The iMac Pro might be the first ARM Mac, but it won’t be the last

Dan Moren
28 November, 2017
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In the latest in a long line of leaks lately, a recent report says that the upcoming iMac Pro will also include an A10 Fusion chip – the same processor that powers the iPhone 7 series. This is a shoe we’ve been expecting to drop for some time, and it’s fuelled a lot of discussion of whether or not a Mac solely powered by an ARM processor might be in the offing.

I think it’s pretty clear that if this report is true – and the evidence is solid enough to believe it is – that this first Mac with an ARM chip won’t be the last. But at the same time, it doesn’t mean that Apple’s about to throw the x86 architecture to the side and put all its chips – if you’ll pardon the expression – on ARM.

ARM is my copilot

The A10 chip in the iMac Pro seems to be relegated to certain specific functions, though we don’t know all the details of its responsibilities yet. Secure boot has been mentioned as one task, which would also have the side effect of making it harder to run macOS on unauthorised hardware. But the other prominent feature that the A10 apparently handles is “Hey Siri” functionality for the Mac.

Which draws an interesting parallel back to Apple’s iOS devices. The first iPhones to allow you to say “Hey Siri” without actually touching the device were the 6s and 6s Plus, which harnessed the M9 coprocessor, generally dedicated to tracking activity, to listen for Siri commands.

So let’s cook up a little analogy: the A10 chip in the iMac Pro is to its x86 processor as the M-series motion coprocessors are to the A-series processors in iOS devices. That is to say that they handle a limited range of tasks, especially those that you don’t want to ramp the entire processor up for because of power or heat concerns. Obviously those concerns are reduced on a device that’s always plugged in and doesn’t have the same space constraints as one that you carry in your pocket, which means you can use an even more powerful processor, like the A10, for those tasks. There are some indications that the A10 could even keep listening when the iMac Pro is shut down, although it’s unclear exactly what the utility of that might be.

First among equals

But this is all just the start. Apple’s invested a boatload of time, energy and money into developing its A-series chips, and with good reason. For one, it allows the company to exert deep technological control on its entire platform, letting it develop the very hardware- and software-spanning features that it likes to boast about. For another, it makes Apple a master of its own destiny, by not having to rely on another company’s timeline or roadmap for building chips. That’s a strategy that we’ve long seen, where Apple brings key technologies in house so that it’s not beholden to a third party, as it’s done with everything from mapping features to, more recently, GPUs. (And now, it’s rumoured, to cellular modems – no surprise given its recent tiff with Qualcomm.)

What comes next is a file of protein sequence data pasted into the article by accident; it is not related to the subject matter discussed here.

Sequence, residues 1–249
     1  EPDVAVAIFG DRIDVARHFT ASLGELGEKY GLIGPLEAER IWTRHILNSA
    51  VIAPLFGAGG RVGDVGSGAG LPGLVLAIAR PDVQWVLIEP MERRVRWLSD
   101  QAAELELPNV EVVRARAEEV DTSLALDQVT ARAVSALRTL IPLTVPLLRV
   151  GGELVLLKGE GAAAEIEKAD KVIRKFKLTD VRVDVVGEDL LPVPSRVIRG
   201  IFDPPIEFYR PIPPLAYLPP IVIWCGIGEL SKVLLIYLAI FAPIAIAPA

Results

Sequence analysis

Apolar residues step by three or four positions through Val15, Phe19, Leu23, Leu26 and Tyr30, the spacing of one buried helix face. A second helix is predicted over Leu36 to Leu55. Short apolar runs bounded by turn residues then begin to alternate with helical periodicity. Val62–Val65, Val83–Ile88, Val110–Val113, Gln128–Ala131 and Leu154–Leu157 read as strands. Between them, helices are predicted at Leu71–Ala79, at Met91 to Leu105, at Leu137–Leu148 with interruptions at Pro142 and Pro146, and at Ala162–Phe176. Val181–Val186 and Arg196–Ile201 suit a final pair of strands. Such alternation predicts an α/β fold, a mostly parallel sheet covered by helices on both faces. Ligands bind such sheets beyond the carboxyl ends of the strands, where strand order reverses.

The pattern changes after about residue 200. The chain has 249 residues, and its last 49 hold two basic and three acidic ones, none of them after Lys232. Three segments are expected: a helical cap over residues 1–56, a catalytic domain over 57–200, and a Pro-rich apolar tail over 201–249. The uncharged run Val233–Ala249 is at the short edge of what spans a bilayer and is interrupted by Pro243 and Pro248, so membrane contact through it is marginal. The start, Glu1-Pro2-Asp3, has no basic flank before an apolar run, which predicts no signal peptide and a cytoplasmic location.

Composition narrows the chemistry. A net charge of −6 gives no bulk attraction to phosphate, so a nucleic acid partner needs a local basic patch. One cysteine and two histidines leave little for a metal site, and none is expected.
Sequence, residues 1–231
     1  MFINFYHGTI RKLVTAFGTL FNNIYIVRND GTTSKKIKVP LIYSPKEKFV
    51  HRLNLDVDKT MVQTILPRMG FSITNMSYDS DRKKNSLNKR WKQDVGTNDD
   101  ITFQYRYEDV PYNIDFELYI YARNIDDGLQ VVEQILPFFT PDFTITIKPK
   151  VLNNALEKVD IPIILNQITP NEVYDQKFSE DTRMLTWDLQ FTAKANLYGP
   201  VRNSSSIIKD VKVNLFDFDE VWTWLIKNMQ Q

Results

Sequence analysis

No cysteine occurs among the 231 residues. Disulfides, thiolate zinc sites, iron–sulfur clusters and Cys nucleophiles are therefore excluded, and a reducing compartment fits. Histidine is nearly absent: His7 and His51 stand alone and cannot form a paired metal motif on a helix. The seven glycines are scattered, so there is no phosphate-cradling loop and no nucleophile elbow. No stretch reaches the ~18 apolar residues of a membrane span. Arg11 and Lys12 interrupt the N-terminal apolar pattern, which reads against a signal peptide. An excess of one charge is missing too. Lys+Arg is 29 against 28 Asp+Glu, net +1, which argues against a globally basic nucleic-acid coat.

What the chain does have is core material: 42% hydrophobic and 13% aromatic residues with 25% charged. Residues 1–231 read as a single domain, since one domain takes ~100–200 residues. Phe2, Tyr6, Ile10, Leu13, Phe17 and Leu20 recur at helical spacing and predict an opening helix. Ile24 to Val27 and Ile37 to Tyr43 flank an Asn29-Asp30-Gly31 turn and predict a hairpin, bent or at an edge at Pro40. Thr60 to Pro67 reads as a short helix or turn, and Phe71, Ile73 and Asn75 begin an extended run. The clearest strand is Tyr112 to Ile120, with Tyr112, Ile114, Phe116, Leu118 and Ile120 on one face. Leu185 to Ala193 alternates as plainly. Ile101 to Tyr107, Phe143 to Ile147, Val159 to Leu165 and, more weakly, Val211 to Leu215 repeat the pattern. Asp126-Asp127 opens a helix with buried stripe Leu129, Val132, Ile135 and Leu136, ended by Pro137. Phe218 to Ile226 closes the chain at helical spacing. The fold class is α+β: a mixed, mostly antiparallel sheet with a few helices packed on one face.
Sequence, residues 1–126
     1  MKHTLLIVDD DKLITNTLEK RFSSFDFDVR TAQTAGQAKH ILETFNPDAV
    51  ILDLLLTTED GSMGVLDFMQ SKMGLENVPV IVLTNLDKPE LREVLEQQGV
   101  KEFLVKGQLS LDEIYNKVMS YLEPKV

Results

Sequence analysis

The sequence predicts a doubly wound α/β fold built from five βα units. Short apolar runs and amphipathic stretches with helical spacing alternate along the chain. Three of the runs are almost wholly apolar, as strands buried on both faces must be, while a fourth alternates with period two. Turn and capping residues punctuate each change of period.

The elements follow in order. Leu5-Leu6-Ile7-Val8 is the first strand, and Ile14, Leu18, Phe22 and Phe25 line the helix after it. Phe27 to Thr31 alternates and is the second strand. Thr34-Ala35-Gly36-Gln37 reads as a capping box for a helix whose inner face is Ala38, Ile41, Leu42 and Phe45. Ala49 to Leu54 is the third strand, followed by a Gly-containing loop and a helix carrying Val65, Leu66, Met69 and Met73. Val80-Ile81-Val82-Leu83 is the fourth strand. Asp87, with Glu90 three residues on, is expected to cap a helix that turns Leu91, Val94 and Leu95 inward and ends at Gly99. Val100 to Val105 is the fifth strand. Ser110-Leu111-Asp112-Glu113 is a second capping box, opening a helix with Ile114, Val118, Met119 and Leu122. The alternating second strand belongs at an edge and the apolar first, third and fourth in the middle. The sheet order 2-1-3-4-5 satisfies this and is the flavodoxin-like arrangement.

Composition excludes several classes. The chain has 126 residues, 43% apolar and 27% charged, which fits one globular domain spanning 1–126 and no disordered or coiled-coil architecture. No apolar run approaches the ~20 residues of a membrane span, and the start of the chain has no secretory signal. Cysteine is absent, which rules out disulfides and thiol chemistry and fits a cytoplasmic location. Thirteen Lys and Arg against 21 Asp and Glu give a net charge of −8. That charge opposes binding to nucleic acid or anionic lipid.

Much as Apple might value its close partnership with Intel, corporate memory is long, and there’s no doubt that Apple hasn’t forgotten the era when its PowerPC chips lagged behind the x86 chips that powered rival PCs. That’s a situation that Apple, like Scarlett O’Hara vowing she’ll never go hungry again, doesn’t ever want to return to.

Given all of that, it seems pretty likely that the iMac Pro is only the first Mac to have an A-series chip in it. Apple will eventually want to extend the features it’s using the ARM chip for, especially those related to security, to the rest of its Mac line, and no doubt it will come up with additional features that the ARM coprocessor is ideal for. The Mac’s great strength has always been its close ties between hardware and software, and the integration of an Apple-designed processor just takes that to the next level.

The race is not to the swift

In the end, I think the most crucial reason that Apple would embrace ARM on the Mac is that we’ve seen a change in the competitive landscape. Macs, by all indications, continue to outperform their PC rivals, a stark change from a decade ago. The dynamics of competition in processor are no longer about sheer speed, as measured by megahertz; even slower chips can adequately handle most daily tasks, like web browsing.

Instead, it’s become more about the broadening the other dimensions of processors – their power efficiency or their ability to use multiple cores to accomplish tasks faster, as well as working with software to offload some of its tasks to other hardware, like GPUs or task-specific coprocessors. If nothing else, Apple’s move to include an ARM-based coprocessor in the iMac Pro should be taken as a sign of the company’s continuing investment in its desktop and laptop lines, as it tries to keep coming up with innovative ways of melding hardware and software into one unified whole.

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